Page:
echo "<pre>" . var_export($output, TRUE) . "</pre>\\n";

Once again, on my machine, the following output is printed:


array (
  0 => 'Desktop',
  1 => 'Documents',
  2 => 'Download',
  3 => 'Library',
  4 => 'Movies',
  5 => 'Music',
  6 => 'Pictures',
  7 => 'Public',
  8 => 'Sites',
  9 => 'bin',
  10 => 'blah.php',
  11 => 'books',
  12 => 'make1.png',
  13 => 'make1.tiff',
  14 => 'media',
  15 => 'src',
  16 => 'yici1.png',
  17 => 'yici1.tiff',
)

Of course, instead of just directly emitting this output, we could instead choose to process it and only emit those files with a ’.png’ extension, for example:


foreach ($output as $fileName)
{
  if (strtolower(substr($fileName, -4)) == '.png')
    echo "<br/>$fileName\\n";
}

And once again, you can get the return code from the exec function as follows:


$output = null;
$returnValue = -1;
exec('ls /Users/marcwan', $output, $returnValue);
echo "Return Value: $returnValue<br/>\\n";
echo "<pre>" . var_export($output, TRUE) . "</pre>\\n";

The shell_exec() Function

Most of the programs we have been executing thus far have been, more or less, real programs1. However, the environment in which Windows and Unix users operate is actually much richer than this. Windows users have the option of using the Windows Command Prompt program, cmd.exe (See Figure 1). This program is known as a command shell.

The Windows cmd.exe Command Shell

Figure 1— The Windows Command Prompt

Similarly, Unix (and Mac OS X) users can run a command shell such as sh, bash, or csh (see Figure 2). These are typically quite advanced interactive systems that allow elabourate scripts such as for x in *.png; do echo $x; done to be executed.

Apple OS X's command shell

Figure 2— bash on Mac OS X

On both Windows and Unix, the commands for the various command shells can be put into files and executed by these programs. On Windows, convention has it that these script file have the extension .cmd while on Unix it is not uncommon to see .sh.

For those sitautions where we want to run these shell scripts from within PHP, we can use the shell_exec function, as follows:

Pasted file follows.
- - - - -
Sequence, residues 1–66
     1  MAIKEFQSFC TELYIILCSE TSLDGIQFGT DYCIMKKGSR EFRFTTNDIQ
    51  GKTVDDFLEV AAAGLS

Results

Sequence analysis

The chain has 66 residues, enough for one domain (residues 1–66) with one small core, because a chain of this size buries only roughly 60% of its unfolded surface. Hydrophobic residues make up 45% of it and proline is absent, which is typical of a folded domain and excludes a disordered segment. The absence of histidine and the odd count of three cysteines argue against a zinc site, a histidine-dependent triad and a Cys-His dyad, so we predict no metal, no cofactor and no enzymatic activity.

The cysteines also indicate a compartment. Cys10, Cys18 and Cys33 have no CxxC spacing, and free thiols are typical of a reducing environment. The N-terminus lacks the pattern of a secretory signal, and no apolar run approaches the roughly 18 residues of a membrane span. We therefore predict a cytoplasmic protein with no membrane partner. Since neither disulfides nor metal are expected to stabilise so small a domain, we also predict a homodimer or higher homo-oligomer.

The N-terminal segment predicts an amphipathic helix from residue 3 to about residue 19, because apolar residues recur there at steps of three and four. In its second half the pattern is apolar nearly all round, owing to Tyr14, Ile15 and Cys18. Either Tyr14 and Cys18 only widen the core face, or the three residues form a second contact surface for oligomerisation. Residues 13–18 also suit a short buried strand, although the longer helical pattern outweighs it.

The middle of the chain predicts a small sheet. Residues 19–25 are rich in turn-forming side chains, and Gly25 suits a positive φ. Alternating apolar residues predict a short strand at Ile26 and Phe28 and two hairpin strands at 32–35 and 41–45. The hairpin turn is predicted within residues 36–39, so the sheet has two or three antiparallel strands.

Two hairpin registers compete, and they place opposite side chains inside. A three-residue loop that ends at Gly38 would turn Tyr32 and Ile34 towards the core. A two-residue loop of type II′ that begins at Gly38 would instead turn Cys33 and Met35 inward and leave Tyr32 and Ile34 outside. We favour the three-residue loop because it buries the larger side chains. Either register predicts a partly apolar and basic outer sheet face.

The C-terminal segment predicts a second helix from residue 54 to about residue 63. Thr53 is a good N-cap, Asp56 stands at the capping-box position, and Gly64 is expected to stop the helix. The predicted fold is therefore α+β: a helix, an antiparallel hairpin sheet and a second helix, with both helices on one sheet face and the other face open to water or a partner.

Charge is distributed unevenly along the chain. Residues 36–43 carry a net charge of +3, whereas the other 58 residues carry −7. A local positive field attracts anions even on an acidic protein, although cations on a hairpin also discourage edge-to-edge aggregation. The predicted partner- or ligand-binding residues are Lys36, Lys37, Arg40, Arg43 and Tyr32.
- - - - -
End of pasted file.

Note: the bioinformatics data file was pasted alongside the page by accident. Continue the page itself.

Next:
// lists all .bat files anywhere in the system
$output = shell_exec('FOR /R C:\\ IN (*.bat) DO echo %x');   // Windows

// lists all .png files in /Users/marcan only
$output = shell_exec('for x in /Users/marcwan/*.png; do echo $x; done'); // Unix

echo "<pre>" . var_export($output, TRUE) . "</pre>\\n";

On my system this produces:


'/Users/marcwan/make1.png
/Users/marcwan/yici1.png
'

PHP also has a syntactic operator called the backtick operator which does the exact same thing as the shell_exec function. Instead of calling the shell_exec function, you simply wrap the command in the backtick character, `, which is very different from the single quote character '.



// lists all .bat files anywhere in the system
$output = `FOR /R C:\\ IN (*.bat) DO echo %x`; // Windows

// lists all .png files in /Users/marcan only
$output = `for x in /Users/marcwan/*.png; do echo $x; done`; // Unix

echo "<pre>" . var_export($output, TRUE) . "</pre>\\n";

It is worth noting that I avoid this operator at all times as it is not easy to spot in code, and I like potential security trouble spots to be as visible as humanly possible.

The passthru() Function

One fascinating function that PHP provides similar to those we have seen so far is the passthru function. This function, like the others, executes the program you tell it to. However, it then proceeds to immediately send the raw output from this program to the output stream with which PHP is currently working (i.e. either HTTP in a web server scenario, or the shell in a command line version of PHP).

When would this be useful? When you are working with image files and want to execute a program to show or otherwise manipulate these files. A most simple example would be as follows:


/**
 * Windows:
 */
header('Content-Type: image/bmp');
passthru('type c:\\Windows\\zapotec.bmp');

/**
 * Unix
 */
header('Content-Type: image/jpg');
passthru('cat /Users/marcwan/yici1.png');

The result will be an image in your browser. This is extremely powerful if you want to use some programs to resize or otherwise manipulate image files and then just dump the output to the client. There are a number of interesting utilities that come with various JPEG source code distributions that do exactly this and are powerful tools.

Are We Done Yet?

Armed with this basic knowledge, we have a one major thing left to deal with before we go off into the real world and begin using these functions: Security.